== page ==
FOR 10 DAYS IN JULY, Calgary throws down its two-step of frat party and Western fantasy. During Stampede, locals and tourists might rip it up with concerts (DJ Shadow, Weezer, New Kids on the…Block?), beer tents, bars, clubs, and cover bands on stage rocking Don’t Stop Believing.
Our car pulls up at an annual event called the Round Up, taking place at Fort Calgary. Classic Creedence is booming from loudspeakers: “I ain’t no fortunate son!” It’s a great sounding cover band…until I realize it’s actually old John Fogerty himself, and 15,000 people are going berserk.
I head into the crowd, where I get molested by women in cowboy hats. Ian steps on a bale of hay to get a photo of the crowds, and two women clutch at his skinny legs. There’s a bad moon rising, but it feels pretty good.
Nashville North is the seminal Stampede party, located on the Stampede grounds. It’s free to get into the massive tent, but expect to line up like steer in chutes. 2,000 people pack in every night to hear country, pop, and cover bands playing ’80s hits, pandering to the ultimate bar crowd.
I’m no country music fan, but I’m dressed like everyone else: boots, buckle, jeans, cowboy hat. Indie rock just wouldn’t fit.
The girls wear their own uniform: high leather boots, skin, tight jean shorts, loose shirt, straw hat. If you want to roll in the hay, it has thoughtfully been supplied. The drinking age in Alberta is 18 years old. Those American kids from Montana, North Dakota, and Washington don’t know what’s hit them. Weekdays tend to be younger at Nashville North, while on weekends there’s a wider age spread. Whenever you find yourself in the big tent, everybody wang chung tonight.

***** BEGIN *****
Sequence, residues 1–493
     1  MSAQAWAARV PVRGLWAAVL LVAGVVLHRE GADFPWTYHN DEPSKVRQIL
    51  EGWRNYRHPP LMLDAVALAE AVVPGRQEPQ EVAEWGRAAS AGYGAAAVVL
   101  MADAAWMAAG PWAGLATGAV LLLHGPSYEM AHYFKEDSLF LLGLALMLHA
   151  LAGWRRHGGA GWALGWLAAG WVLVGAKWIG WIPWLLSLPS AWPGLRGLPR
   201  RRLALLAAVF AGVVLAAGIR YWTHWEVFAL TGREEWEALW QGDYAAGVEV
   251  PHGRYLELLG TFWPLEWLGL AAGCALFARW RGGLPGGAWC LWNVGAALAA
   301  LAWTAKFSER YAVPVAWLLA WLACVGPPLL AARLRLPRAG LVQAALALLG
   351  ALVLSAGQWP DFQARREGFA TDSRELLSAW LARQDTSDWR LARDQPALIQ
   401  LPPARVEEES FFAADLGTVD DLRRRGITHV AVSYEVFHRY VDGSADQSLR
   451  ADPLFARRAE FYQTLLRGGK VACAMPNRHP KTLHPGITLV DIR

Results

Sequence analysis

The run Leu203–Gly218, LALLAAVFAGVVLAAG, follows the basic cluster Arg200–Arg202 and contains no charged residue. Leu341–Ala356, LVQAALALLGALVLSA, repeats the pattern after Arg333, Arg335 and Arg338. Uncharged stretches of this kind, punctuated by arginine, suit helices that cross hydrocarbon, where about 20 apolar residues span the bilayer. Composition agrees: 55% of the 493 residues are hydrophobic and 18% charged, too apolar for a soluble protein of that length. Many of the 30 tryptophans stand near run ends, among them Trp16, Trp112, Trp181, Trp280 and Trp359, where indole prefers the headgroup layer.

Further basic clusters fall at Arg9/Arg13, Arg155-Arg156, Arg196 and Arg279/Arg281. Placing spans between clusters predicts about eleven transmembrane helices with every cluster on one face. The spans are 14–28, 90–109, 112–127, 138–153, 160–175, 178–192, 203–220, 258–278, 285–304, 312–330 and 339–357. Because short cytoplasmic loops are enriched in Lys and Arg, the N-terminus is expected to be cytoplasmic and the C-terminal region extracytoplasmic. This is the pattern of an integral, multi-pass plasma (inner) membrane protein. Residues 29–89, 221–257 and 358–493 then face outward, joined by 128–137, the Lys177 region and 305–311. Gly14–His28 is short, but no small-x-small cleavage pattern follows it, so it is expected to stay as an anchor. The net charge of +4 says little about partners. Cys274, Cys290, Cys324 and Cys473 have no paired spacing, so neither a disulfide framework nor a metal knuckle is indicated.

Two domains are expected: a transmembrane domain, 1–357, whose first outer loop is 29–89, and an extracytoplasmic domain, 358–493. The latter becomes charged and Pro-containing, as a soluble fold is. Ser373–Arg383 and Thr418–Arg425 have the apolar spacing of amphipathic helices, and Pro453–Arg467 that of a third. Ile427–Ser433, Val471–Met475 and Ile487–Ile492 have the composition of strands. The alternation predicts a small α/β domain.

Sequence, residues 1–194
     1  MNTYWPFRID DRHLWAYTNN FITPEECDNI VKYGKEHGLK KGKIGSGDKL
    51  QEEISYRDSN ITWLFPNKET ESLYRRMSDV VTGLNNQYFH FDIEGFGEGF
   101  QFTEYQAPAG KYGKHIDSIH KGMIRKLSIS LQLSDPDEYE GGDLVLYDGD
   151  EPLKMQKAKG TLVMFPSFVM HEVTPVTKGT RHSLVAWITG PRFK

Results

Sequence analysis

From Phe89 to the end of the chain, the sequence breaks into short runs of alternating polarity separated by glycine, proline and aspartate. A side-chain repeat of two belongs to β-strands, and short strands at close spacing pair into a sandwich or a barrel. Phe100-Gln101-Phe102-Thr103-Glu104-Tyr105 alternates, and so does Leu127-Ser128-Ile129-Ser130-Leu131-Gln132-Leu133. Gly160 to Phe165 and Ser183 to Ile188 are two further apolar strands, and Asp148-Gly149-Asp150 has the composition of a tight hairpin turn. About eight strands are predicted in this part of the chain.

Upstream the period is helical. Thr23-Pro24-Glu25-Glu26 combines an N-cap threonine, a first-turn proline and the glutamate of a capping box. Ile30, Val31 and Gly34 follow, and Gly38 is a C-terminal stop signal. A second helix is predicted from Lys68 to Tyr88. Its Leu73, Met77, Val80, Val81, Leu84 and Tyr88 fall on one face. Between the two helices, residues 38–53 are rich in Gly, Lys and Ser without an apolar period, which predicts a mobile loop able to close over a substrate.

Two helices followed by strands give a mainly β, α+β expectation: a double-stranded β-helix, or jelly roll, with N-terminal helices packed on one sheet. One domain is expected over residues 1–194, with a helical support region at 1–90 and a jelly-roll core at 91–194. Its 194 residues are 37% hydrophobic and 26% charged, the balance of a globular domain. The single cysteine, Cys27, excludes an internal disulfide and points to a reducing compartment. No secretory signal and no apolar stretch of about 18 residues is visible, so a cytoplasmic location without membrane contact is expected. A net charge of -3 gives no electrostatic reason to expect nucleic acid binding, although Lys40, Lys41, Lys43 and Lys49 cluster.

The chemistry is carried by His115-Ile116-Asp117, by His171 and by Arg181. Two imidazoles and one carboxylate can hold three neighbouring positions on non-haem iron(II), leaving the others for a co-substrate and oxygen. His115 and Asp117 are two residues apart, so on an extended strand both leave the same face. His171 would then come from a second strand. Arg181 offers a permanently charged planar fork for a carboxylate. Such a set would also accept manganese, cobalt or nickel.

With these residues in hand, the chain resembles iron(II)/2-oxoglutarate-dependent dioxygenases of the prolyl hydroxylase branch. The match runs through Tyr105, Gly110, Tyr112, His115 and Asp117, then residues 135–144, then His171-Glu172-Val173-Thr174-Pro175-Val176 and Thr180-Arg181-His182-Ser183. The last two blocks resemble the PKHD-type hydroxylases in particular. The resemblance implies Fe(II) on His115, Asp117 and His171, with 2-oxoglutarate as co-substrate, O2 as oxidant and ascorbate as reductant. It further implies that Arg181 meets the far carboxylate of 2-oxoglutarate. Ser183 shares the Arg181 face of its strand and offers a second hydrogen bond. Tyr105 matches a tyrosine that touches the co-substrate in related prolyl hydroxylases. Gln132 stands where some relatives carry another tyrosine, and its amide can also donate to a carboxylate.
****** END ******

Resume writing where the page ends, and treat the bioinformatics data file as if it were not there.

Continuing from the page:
We forgo the 20,000sqft beer garden at The Whiskey downtown and head to Ranchmans, a year-round country-western bar, which booms during Stampede. Other clubs might throw on cowboy hats over skinny jeans, hipster haircuts, and sneakers this time of year, but this is the real deal.
We’re greeted with a huge lineup, and the promise of a mechanical bull. Photographs, saddles, and spurs of legendary cowboys line the walls. Here come the scantily clad Jagettes, looking forward to pouring gallons of Jagermeister down a smitten cowboy’s throat. A great cover band is busting out singalong ’80s hits (Jessie’s Girl, Jack and Diane) interspersed with country gold. A couple of professional dancers take the stage, twirling each other like batons.
For city slickers like myself, it’s like being at a fun wedding, completely devoid of pretension. A middle-aged couple is laughing and dancing next to a group of students. Country music line dances across the generation gap.
We finish up at Cowboys, adjacent to the Stampede grounds, where you can watch the Big Show’s impressive daily fireworks from the outdoor beer garden. This massive party tent opens up specifically for Stampede, and is several rungs above Nashville North. Lasers, giant screens linked to social media accounts (“#calgarystampede Can some ladies teach me how to two step?”), even Vegas-style corporate boxes on the upper level.
Top 40 and country hits fade in the later hours, replaced by banging house and techno. I step past couples making out with the ferocity of teenagers in a dark closet, and the overall impression I have is: Man, I wish I’d discovered this place in college; also: It’s hard not to look hot in boots and a cowboy hat.
A girl walks over, puts her index finger on the front of my hat, pushes it down into the correct position, winks, and says, “Looking good, Cowboy!” Then she melts away into the crowd.